The last thing that's remaining is how to actually read values from framebuffer. This is nothing difficult - OpenGL provides a function glReadPixels, which does this exactly. You can read arbitrary subregion of framebuffer with this function. So all we need is to read one pixel (RGB value), that's under mouse cursor. But beware, we also need to flip Y coordinate of mouse, because mouse coordinates provided by system are inverted, i.e. 0 is at the top of screen, whereas OpenGL has Y coordinate 0 on bottom of viewport. When we read values, we can get index of picked object:
#define RGB_WHITE (0xFF | (0xFF<<8) | (0xFF<<16))
POINT mp; GetCursorPos(&mp);
// Convert cursor position
RECT rect; GetClientRect(appMain.hWnd, &rect);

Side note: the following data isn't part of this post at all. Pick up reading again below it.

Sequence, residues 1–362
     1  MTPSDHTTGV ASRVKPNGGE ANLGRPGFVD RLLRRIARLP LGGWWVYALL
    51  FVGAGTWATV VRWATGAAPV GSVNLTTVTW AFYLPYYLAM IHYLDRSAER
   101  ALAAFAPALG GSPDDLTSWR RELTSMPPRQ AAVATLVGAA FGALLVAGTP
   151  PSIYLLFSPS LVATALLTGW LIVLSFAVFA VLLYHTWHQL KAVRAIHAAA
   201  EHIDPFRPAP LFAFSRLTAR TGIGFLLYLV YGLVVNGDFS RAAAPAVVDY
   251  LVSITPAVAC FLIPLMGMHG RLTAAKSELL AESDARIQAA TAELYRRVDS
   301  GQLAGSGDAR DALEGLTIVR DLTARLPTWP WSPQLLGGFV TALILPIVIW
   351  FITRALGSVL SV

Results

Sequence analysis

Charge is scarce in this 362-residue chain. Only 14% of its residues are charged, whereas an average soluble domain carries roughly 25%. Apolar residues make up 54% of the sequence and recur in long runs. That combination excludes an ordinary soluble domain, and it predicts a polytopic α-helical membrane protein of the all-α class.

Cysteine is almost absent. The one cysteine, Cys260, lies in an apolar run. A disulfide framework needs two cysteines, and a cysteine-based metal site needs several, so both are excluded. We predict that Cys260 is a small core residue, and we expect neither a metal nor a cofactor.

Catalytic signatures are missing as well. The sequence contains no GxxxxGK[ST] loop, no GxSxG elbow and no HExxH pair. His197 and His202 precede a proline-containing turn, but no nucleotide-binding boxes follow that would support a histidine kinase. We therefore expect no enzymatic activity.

mp.y = rect.bottom-mp.y;
// Read only RGB value
glReadPixels(mp.x, mp.y, 1, 1, GL_RGB, GL_UNSIGNED_BYTE, bArray);
int iResult = GetIndexByColor(bArray, bArray, bArray);
if(iResult == RGB_WHITE)return -1; // Nothing was selected
Now we need to render each bounding box with different color, so that we can differentiate objects when reading values back from framebuffer (the bRedBox parameter is used only for rendering red bounding box in the real scene, so that you can see how it looks like):
// Use pure color shader program
glm::vec4 vRed(1.0f, 0.0f, 0.0f, 1.0f); // Red color
glm::mat4 mView = cCamera.Look();
// Render SpongeBob :D
// Do some transformations
spColor.SetUniform("vColor", bRedBox ? vRed : GetColorByIndex(0)); // Set color with index 0
// Render strange creature found on internet as free model :D
// Do some transformations
spColor.SetUniform("vColor", bRedBox ? vRed : GetColorByIndex(1)); // Set color with index 1
// Render Thor
// Do some transformations
spColor.SetUniform("vColor", bRedBox ? vRed : GetColorByIndex(2)); // Set color with index 2